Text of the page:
The canyon was formed by the Prairie Dog Town Fork Red River, which initially winds along the level surface of the Llano Estacado of West Texas, then suddenly and dramatically runs off the Caprock Escarpment. Water erosion over the millennia has shaped the canyon's geological formations. Notable canyon formations include caves and hoodoos. One of the best-known and the major signature feature of the canyon is the Lighthouse Rock. A multiple-use, six-mile round-trip loop trail is dedicated to the formation.
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Re: Spurs and the Great West

#911 Post by nrobertb » Fri Jan 11, 2019 1:35 pm

This is the portable forge I showed earlier, now cleaned up. The white material in the pan is refactory clay, which keeps the cast iron pan from cracking. Most farmers didn't bother with the clay, so you often see these with cracks. This one had a crack four inches long starting at the rim., which I was able to get welded.

There was just a quarter inch hole for adding grease to the four gears that drive the fan, so to facilitate the process I threaded the hole and added a zerk fitting.
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Re: Spurs and the Great West

#912 Post by nrobertb » Fri Jan 11, 2019 6:15 pm

The Oregon Coast Trail is a long-distance hiking route along the Pacific coast of Oregon in the United States. It follows the coast of Oregon from the mouth of the Columbia River to the California border south of Brookings.

The walking length of the trail varies depending on choice of passage across or around estuaries and rivers along the route. If a ferry is not arranged or available, an alternate route around the estuary must be taken; if traveling on foot, this means road walking. The length of the trail, using the Google Maps pedometer tool to measure route mileage, is about 425 miles if no ferries are used, though the official coastal guide gives a length of 382 miles. If no ferries are used, about 39 percent of the route is on the beach, 41 percent is on paved road, and 20 percent is on trail and dirt roads.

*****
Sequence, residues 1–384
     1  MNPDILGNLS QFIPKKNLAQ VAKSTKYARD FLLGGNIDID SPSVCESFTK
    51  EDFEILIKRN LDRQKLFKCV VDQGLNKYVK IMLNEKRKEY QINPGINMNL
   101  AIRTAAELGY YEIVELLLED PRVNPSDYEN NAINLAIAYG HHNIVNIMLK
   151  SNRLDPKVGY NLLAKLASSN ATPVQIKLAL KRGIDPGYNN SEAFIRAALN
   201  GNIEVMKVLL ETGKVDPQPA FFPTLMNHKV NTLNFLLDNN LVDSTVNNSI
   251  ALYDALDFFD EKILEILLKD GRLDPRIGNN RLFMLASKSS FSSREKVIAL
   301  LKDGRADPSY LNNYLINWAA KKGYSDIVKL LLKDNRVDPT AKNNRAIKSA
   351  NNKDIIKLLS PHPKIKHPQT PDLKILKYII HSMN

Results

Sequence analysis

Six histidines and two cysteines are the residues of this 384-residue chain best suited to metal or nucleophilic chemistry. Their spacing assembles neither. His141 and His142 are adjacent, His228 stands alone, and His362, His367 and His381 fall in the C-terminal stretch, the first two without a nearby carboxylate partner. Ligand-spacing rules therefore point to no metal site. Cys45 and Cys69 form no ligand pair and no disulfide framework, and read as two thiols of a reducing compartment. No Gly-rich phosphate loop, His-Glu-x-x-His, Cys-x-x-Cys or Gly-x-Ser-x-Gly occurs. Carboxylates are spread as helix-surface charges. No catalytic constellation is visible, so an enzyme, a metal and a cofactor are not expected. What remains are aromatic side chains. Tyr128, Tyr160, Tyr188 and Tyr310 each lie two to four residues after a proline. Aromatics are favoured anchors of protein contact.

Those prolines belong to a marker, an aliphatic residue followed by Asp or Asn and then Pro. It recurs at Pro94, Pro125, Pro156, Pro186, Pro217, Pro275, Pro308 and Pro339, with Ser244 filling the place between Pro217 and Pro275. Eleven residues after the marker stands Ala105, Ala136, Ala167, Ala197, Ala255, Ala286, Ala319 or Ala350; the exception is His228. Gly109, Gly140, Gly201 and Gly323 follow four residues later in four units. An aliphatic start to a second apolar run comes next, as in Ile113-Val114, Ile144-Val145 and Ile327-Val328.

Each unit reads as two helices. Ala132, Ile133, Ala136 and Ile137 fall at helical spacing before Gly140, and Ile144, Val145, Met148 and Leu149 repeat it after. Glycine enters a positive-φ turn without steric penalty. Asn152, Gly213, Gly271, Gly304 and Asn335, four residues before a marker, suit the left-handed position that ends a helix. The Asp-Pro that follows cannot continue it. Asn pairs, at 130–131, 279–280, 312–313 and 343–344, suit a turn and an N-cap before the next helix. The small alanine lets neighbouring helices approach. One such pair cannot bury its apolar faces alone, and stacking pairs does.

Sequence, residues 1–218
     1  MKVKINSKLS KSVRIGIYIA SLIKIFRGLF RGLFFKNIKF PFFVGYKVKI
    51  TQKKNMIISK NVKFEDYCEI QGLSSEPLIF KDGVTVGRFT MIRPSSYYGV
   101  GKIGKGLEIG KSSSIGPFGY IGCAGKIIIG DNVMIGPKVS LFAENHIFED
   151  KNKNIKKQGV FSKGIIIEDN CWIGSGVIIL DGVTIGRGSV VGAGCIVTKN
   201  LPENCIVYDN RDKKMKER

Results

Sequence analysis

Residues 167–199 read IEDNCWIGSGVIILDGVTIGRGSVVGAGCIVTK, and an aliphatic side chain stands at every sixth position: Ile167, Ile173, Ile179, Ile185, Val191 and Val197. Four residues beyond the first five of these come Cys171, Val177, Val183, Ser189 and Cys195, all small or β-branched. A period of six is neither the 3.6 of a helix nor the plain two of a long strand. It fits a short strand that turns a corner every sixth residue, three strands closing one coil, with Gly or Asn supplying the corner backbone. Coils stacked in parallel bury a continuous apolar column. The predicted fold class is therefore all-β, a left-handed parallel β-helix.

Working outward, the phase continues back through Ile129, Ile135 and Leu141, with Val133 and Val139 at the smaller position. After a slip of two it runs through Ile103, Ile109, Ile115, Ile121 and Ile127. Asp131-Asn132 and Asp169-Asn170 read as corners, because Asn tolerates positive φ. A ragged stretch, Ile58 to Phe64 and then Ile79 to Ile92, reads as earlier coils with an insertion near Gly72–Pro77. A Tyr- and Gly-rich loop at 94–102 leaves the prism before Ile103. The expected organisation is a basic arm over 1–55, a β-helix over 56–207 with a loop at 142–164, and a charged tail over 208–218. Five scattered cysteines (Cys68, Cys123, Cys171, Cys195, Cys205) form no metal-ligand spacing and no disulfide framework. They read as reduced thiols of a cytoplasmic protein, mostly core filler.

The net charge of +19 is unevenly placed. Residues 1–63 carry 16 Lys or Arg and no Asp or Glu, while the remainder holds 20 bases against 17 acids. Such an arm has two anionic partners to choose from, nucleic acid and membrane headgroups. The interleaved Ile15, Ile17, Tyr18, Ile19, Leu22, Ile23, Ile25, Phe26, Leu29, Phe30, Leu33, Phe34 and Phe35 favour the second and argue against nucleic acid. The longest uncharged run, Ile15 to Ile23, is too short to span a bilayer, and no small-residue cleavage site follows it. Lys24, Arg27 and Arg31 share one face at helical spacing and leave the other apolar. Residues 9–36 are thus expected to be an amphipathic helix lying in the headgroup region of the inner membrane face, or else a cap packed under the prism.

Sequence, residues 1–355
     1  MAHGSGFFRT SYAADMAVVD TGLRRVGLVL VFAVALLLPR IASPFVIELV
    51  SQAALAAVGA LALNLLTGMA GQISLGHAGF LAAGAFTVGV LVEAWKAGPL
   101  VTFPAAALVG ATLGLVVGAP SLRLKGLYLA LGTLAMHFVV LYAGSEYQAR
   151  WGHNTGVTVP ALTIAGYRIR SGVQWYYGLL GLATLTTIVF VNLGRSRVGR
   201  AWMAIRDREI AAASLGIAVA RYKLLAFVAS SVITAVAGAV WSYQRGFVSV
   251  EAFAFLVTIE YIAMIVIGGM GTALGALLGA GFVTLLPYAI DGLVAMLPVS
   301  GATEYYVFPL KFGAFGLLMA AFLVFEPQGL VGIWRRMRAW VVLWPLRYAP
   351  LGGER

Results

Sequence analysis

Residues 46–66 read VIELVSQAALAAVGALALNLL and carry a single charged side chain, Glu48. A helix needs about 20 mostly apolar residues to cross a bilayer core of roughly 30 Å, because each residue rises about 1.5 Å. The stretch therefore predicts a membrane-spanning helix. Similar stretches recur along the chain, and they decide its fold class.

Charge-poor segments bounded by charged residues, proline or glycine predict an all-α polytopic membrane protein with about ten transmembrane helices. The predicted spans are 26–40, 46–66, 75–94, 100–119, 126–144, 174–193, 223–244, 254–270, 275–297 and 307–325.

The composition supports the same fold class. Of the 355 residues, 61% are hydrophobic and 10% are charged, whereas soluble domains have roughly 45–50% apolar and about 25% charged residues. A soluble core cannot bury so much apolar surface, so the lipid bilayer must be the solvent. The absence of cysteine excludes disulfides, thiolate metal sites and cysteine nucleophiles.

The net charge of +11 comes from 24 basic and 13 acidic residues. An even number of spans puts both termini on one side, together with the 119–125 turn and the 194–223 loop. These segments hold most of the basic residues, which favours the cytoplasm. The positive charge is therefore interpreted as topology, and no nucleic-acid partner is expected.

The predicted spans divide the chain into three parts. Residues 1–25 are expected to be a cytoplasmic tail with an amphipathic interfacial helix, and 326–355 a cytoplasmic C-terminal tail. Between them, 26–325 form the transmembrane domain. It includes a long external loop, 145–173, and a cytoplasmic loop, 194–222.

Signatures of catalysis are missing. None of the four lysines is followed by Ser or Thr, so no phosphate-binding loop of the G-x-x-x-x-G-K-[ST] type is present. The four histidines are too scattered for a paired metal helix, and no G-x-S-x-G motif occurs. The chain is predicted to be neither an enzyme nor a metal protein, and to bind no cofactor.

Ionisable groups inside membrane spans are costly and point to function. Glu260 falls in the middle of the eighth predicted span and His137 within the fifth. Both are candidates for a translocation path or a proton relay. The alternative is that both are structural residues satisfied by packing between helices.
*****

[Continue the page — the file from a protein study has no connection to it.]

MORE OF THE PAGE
A chief feature of the trail are the public beaches created in 1967 via the Oregon Beach Bill, which formalized the public nature of the coastal beaches since the first such law was passed in 1913. Many of the locations, particularly on the southern portion, are remote and isolated. The Oregon coast is bordered by a temperate rainforest, much of which is now second or third growth.

The difficulty of the trail ranges from easy to moderate, with elevation changes of up to a few hundred feet. The northern trailhead is at the base of the south jetty of the Columbia River, approximately 4 miles north of the campground of Fort Stevens State Park and about 13 miles from the city of Astoria. The trail runs north-south along the entire Oregon Coast, following the shore as closely as practical. For many portions of the route, it is beach walking, mostly on sand. In populated areas it often follows the nearest street to the shore. Many parts of the trail leave the beach and take an inland path, usually where land formations make the shoreline impassable, such as at Cape Kiwanda. Some of the rocky headlands are passable on foot at beach level only at low tide. Other headlands are traversed by state park or forest service trails well above the sea. In many other places, the road is the only feasible route, mostly U.S. Route 101. The southern terminus of the trail is the unmarked Oregon/California border on a stretch of beach about 5 miles south of Brookings, and about half a mile south of the Winchuck River.